Taking care of Jamaica

Holywell, Jamaica
Holywell, Jamaica

It’s a well-known fact that the earth is changing, and unfortunately, it’s not all positive. Over the past few centuries, technological advances and inventions have given rise to climatic changes and pollution. Although we have made advances with plumbing, electrical work and an overall convenient lifestyle, we have simply forgotten the importance of proper disposal of items such as plastic.

It’s a shame to walk along a coastline littered with plastic bottles, bags and other packaging items, and although Jamaica has made the decision to ban single use plastic items, as individuals we can improve. These practices although they don’t always seem to impact us directly, have dire consequences down the road if we don’t curb our behavior. Tourism for instance, which is Jamaica’s leading sector and highest earner, depends on certain features to continue on a path of success.

It goes without saying that no one would like to visit a resort or beach filled with garbage. Imagine travelling to a community to stay and find it overrun with faulty drains and scents due to improper disposal of garbage. Think about a Jamaica without trees due to de- forestation and soil erosion, what if Montego Bay had smoke so thick it resembled an overcast day every day.

It’s not only about beauty, it’s also our well-being. COVID-19 has changed our lives drastically, and although the progress seems slow, we know that someday we will return to normality. However, if we do not start thinking about our environment, then we might have to resort to a life without clean fresh air and water.

It is important for tourism that we move to a conscious state of mind. As small as we may think we are as individuals, we can make an impact. Throwing a gum wrapper or plastic bottle through the car window seems insignificant but holding it until it can be properly disposed of is necessary to help spark change within ourselves and others.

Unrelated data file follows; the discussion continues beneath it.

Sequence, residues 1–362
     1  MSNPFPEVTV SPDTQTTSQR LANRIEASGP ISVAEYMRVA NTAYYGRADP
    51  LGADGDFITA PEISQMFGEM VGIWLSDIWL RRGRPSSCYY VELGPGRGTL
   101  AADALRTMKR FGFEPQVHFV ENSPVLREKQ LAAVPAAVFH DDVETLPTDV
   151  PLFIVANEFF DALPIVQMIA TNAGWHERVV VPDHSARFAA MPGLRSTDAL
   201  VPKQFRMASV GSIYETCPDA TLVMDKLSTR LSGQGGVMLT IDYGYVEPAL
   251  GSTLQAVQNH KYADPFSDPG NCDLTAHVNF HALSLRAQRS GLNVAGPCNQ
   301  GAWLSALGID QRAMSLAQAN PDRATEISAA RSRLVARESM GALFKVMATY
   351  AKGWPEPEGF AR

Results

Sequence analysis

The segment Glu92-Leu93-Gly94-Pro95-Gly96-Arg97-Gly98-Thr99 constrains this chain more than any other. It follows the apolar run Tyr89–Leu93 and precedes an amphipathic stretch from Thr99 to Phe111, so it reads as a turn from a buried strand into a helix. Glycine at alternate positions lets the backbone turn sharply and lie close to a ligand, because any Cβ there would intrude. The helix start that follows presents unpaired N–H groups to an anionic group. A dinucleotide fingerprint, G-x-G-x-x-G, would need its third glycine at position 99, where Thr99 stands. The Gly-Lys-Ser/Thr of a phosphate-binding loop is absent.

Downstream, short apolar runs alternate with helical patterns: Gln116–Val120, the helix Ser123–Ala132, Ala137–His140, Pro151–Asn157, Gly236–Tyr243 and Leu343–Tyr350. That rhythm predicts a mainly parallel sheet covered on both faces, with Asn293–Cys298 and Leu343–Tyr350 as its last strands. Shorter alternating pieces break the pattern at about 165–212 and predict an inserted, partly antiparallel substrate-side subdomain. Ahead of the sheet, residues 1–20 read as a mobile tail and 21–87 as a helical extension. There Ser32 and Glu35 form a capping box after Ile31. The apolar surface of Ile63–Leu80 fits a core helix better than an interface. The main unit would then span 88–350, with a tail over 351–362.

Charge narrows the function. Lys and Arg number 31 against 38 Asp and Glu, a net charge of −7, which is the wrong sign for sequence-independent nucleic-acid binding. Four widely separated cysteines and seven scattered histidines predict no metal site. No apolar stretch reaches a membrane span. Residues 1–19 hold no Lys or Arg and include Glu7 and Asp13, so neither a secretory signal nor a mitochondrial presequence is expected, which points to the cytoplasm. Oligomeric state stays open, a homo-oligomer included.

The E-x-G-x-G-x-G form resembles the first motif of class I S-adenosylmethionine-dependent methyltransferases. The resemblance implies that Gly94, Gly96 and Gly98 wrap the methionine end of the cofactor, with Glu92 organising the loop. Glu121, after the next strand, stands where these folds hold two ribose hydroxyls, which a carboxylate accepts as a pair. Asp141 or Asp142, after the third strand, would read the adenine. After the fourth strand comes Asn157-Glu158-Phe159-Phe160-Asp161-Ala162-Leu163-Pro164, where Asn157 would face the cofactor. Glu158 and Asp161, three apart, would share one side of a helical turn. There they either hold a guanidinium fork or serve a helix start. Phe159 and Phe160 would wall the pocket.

A 2019 survey by booking.com revealed that “70% of global travelers are more likely to book an accommodation knowing it is eco-friendly, which usually means more green practices, thereby reducing chances of pollution.” People are taking it seriously, and for tourism to be sustainable, it includes care of our environs, which in turn is taking care of ourselves.

 

Recently, TPDCo handed over a box truck valued at 7 million dollars to the Recycling Partners of Jamaica for their efforts of reducing pollution, and to help the process of collecting plastics. This partnership is important for the tourism sector and the entire Jamaica.

 

After you’ve completed this reading, close your eyes and imagine somewhere you’d love to be in Jamaica. For me, its somewhere in the hills, like Holywell. The air is fresh and crisp, the sound beneath my feet is that of dried leaves crunching against the press of my shoes, a gentle breeze rustles against my face. Behind my closed lids I can see the rich green trees against the light blue of the sky, the clouds pass by slowly, as if they are moving with me, a pace that indicates no rush or stress- carefree.

 

The birds are soaring  through the air, and their chirps faint away until the only sound is that of silence. My feet suddenly go cold, its water from the spring, straight from the source- clean, pure and fresh. I end the day watching the sunset don garments of pink and orange until she is no more, and a chorale of crickets and fireflies (peeny wallie) provide an, although not requested, but appreciated encore.

 

Is this Heaven? No, it’s Jamaica, a sustainable and clean one.

 

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